Electric cooling fan & amps

Discussion in 'Electrical Systems' started by larrylarry, Nov 27, 2012.

  1. larrylarry

    larrylarry Veteran Member

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    Dec 22, 2011
    San Antonio Tx
    When I was playing around with my cooling fan,I had it connected to my battery charger to make sure it worked,I notice it would spin faster as I increased the amps. How can I increase the amps to the fan. I'm guessing that they only pull as much as they need. Is their a way I can bump it up some like 10 or 15 amps more. It is a 2 wire fan.
     
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  2. Gary S

    Gary S Administrator Lifetime Gold Member

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    Most electric fans require a lot of amperage to run properly. You will most likely need to put on a larger alternator to handle it.
     
  3. flak monkey

    flak monkey Veteran Member Lifetime Gold Member

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    Norfolk, UK
    As long as you maintain the voltage it will pull what it needs amps wise. If it needs 150W at full load to maintain its speed then it will draw current dependant on volts (P=IV).

    Wire it with something like 14g wire through a relay and it will be fine. Normally they pull approx 10-15a running, inductive load on start up might be up to 75% more.

    If the wires too small and a long run you'll get excessive voltage drop which will affect its performance. Good 16ga thinwall cable will carry 16a happily, but needs de-rating for long lengths.

    Voltage can also drop if your alternator can't keep up with demand. But just adding an electric fan, assuming the rest of the electrical system is good shouldn't cause a problem for the stock 63a alternator. If youve got a massive stereo, fuel injection and a load of extras then it might be an issue!
     
    Last edited: Nov 27, 2012
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  4. larrylarry

    larrylarry Veteran Member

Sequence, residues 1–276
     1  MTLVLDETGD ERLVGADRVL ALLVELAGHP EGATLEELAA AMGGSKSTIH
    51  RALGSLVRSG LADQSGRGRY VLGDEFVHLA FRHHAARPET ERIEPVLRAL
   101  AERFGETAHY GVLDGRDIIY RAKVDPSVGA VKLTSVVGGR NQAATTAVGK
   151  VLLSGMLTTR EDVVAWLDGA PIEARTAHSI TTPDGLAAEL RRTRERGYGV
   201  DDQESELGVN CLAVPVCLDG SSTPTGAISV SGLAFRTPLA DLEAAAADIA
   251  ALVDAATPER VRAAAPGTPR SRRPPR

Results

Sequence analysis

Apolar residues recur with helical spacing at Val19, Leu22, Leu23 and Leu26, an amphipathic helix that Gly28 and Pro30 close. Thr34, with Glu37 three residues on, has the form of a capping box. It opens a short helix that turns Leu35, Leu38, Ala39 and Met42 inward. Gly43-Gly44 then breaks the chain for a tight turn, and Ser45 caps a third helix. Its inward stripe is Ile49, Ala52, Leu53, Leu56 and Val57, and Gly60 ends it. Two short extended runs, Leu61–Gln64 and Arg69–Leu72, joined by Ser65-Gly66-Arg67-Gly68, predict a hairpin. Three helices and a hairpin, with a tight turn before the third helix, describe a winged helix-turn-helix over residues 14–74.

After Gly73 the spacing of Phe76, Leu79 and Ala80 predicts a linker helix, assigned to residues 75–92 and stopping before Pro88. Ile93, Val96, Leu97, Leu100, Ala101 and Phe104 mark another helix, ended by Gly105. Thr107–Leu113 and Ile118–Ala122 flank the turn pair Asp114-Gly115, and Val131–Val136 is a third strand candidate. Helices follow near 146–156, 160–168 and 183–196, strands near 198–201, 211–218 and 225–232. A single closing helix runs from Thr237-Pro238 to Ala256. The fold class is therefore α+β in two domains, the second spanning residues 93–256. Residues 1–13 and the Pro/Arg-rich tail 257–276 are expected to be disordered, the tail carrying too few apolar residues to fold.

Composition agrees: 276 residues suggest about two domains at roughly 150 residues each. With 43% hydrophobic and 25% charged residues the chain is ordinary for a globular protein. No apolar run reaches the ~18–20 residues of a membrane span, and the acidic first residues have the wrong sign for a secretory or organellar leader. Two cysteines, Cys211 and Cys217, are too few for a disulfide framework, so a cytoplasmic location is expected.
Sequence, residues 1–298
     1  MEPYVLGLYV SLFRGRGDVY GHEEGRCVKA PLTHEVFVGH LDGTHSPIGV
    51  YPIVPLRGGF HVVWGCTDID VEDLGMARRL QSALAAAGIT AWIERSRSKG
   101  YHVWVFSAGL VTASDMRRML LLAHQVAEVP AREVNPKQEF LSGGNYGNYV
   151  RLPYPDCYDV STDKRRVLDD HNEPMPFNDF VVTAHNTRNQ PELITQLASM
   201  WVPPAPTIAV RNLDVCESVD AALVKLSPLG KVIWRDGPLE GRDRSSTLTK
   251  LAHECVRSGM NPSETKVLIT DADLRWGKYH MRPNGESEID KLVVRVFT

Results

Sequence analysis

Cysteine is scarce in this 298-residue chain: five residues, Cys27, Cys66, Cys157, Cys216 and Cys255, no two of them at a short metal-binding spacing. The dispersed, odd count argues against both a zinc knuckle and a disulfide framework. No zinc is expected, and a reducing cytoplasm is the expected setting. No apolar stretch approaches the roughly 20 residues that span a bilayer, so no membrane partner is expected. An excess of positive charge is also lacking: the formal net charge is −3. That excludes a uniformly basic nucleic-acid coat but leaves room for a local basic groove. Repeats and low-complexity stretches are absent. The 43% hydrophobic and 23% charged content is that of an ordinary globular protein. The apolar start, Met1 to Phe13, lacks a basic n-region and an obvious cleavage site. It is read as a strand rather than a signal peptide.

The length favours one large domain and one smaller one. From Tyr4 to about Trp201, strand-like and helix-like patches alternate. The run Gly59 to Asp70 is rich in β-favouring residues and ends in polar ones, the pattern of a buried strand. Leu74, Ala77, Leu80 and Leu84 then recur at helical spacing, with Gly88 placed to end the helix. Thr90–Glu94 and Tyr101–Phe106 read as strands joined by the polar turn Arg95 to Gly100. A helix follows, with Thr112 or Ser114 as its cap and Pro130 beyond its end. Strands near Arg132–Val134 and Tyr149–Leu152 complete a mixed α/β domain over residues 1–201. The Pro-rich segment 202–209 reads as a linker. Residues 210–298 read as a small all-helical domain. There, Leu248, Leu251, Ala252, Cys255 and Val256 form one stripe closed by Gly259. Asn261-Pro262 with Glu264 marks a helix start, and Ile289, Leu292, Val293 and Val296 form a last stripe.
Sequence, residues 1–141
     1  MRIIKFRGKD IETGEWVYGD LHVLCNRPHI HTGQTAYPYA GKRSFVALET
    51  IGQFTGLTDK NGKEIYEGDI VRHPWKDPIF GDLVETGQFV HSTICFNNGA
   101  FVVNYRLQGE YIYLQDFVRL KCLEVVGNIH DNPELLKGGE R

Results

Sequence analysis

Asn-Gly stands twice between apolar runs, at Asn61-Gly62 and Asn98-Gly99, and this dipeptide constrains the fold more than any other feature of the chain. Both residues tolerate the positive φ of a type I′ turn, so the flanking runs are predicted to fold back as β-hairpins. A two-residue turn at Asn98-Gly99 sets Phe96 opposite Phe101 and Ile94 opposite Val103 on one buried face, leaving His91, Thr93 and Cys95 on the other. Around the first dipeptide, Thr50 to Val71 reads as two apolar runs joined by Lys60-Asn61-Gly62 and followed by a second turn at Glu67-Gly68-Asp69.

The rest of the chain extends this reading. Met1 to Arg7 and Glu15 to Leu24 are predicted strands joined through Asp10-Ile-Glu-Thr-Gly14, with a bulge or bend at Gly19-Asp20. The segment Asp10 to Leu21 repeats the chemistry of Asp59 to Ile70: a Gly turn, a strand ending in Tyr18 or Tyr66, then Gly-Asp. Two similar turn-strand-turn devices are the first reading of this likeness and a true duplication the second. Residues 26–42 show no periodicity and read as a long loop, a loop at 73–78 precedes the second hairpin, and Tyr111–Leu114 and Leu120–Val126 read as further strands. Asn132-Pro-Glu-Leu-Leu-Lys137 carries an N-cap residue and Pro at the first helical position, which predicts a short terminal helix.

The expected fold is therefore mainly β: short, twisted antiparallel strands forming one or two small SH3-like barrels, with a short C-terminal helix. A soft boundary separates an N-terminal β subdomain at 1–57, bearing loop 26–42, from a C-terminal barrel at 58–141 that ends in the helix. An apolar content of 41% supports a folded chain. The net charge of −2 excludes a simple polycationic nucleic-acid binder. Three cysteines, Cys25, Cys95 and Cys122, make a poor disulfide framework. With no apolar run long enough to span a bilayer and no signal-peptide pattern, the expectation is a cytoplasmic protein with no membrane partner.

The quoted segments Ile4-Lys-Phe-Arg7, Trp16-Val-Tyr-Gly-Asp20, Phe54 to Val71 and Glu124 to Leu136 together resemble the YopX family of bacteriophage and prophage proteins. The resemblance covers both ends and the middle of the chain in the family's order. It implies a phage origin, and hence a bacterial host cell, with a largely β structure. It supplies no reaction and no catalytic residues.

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    Dec 22, 2011
    San Antonio Tx
    I have a 100w alternator, an I used 10 GA. to supply voltage from the starter.One thing I forgot to add was Im using an adjustable temp.sw. from a smaller cooling fan an it has its own relay wired to the adjustable temp. sw. I don't know if the temp. sw. limits the amps. or not. I also used 10 ga. wire from the temp. sw. to the fan. If I could get the fan to run 15 or 20% faster it would help on hot days.
     
  5. flak monkey

    flak monkey Veteran Member Lifetime Gold Member

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    Aug 5, 2011
    Norfolk, UK
    Measure the voltage at the fan terminals, and at the alternator with the motor running. If they are the same, then you have no voltage drop and you wont be able to make the fan spin any faster.

    If you have any more than 0.5volt drop then you have a problem somewhere.
     
  6. CDesperado

    CDesperado Veteran Member Lifetime Gold Member

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    Dallas Texas
    What is the CFM rating on the fans you are using?
     
  7. larrylarry

    larrylarry Veteran Member

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    Dec 22, 2011
    San Antonio Tx
    I don't know what the cmf is, I got it off a Lincoln continental, it 17" wide. It was almost to big for my radiator. Infact about 1/2 in. of the fan hangs down at the bottom of the Rad. I did get the shroud to fit around it.
     
  8. mjoc

    mjoc Veteran Member

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    Apr 29, 2003
    Sherman Oaks, Ca

    If you are installing an electric fan you should run relays. and run large gauge wire to and from relays. also you a large amp relay like a 40amp. It will allow the fan to pull move amperage if needed..

    Michael
     
  9. larrylarry

    larrylarry Veteran Member

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    Dec 22, 2011
    San Antonio Tx
    Thanks for the info.
     
  10. z28_Baby

    z28_Baby New Member

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    Jan 19, 2017
    Flak, what is the advantage of thinwall in terms of voltage drop?
    I haven't been using thinwall cable before now.
     

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